Carolyn Hax: Now that she’s the mom-in-law, she won’t abide boundaries

Adapted from an online discussion.

Dear Carolyn: My wife put up significant boundaries with my mother right after we got married. She had good reasons.

Our son and his wife have been married for several years, and have apparently put up boundaries with my wife — limiting contact, contacting her on their schedule, etc. My wife does not understand WHY. She complains incessantly to me that she does not hear from our son and daughter-in-law as often as she’d like, which would be multiple times a day. We do hear from them every week or so. I’ve said on more than one occasion that perhaps they’ve put up boundaries similar to the ones we set for my mom.

My wife just won’t hear it. Any ideas? She does go to therapy.

Bearing the Brunt: Doesn’t sound like therapy’s hitting the mark.

I’m not sure your counsel is, either; connecting this to the boundaries your wife set for your mom encourages such a negative association. And it doesn’t sound justified: The kids are in touch regularly and often — well within a range of normal, at least, for people who get along just fine. Within the range of envy, even.

Now, it could still be true that your son and daughter-in-law keep you at arm’s length on purpose and have negative reasons for it. You certainly know the situation better than I.

But if you are on the cold side of a boundary, then there’s no better argument for your wife to Back! Off! If what she wants is a better relationship with this couple than you two had with your mom, then respect for the couple’s space is the only answer.

It’s always the answer, which is why I mused that your wife’s therapy hasn’t gotten real traction. If it had, then your wife would be working from the respect-and-acceptance playbook vs. the Mobius-strip-of-need playbook.

Butanyway … you have an opportunity to say to your wife that of course she’s hurt, since she has such a negative association with boundaries. She used them, though, because your mom forced her hand — while this couple is in regular, frequent, voluntary contact. So it’s an almost 100 percent possibility these are apples and oranges: You’re all in good standing, they simply prefer contact on their terms. Again, frequent terms! Yay! Right?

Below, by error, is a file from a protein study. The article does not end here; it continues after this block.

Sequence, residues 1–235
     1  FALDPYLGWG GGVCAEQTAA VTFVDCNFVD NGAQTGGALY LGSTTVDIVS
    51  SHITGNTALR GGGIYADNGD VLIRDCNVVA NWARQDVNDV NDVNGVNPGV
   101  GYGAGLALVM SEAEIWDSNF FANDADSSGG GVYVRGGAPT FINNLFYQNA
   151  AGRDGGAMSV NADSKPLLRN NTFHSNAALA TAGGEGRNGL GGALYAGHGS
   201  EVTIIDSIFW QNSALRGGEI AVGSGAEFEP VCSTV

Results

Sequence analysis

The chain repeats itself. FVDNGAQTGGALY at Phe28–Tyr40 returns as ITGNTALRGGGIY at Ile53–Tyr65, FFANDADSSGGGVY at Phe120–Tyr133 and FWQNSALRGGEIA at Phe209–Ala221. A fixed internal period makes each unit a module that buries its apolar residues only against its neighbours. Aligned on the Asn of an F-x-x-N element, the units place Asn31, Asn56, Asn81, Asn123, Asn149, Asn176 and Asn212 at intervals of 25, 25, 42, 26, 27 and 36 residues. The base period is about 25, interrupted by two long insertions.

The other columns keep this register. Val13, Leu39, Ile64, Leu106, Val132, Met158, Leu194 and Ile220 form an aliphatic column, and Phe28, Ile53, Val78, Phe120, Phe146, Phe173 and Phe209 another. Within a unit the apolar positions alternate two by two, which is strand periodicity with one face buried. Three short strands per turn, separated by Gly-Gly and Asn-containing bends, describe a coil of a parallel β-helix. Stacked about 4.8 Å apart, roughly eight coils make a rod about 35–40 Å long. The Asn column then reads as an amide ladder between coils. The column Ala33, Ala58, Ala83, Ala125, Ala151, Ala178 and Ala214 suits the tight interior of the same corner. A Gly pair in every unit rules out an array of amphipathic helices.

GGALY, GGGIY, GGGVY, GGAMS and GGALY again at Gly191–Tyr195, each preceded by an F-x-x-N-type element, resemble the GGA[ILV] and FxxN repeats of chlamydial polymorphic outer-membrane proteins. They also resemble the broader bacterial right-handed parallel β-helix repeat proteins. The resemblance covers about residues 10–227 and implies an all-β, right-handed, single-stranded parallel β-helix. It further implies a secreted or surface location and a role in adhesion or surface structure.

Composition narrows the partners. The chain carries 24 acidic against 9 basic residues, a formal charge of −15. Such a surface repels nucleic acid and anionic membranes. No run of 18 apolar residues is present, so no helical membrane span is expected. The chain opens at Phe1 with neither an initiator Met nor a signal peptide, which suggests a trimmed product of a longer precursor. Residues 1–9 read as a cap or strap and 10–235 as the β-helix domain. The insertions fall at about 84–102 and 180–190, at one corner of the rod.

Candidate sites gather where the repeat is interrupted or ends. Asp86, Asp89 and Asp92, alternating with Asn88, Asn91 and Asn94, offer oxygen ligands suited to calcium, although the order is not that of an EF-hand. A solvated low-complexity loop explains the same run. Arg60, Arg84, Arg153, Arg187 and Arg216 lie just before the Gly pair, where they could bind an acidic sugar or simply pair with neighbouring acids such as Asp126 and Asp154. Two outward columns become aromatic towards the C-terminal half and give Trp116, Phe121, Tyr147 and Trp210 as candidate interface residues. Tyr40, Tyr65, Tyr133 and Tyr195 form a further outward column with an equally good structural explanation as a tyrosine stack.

Therefore, dwelling on the negative with them, even nonverbally, has no upside — while risking the serious harm of infusing every family interaction with her dismay at not getting what she wants. Sounds like a firmer caution is due, then your own boundary with your wife on this topic.

Re: Boundaries: Maybe it’s not about boundaries but rather that life changes. They are married. His mom is no longer his main priority. It can hurt — but it is time to adjust and stop hurting herself by continuing to actively want it to be like before.

Anonymous: In fact: The attention the son gives to his marriage now reflects the attention his mom gave her family then, during his childhood. So it’s a not a snub, arguably, it’s proof of a lesson well learned. Thanks.

More readers’ thoughts:

· I told my retired mom that a month for me is like a week for her. Meaning, time moves differently when you are retired vs. working full time, with a teenager, spouse, friends, etc. It seemed to help.

· No adult child in the history of the world calls their parent as often as the parent would like. My mother didn’t; I didn’t; my kids don’t. They’re busy with things other than their parents.

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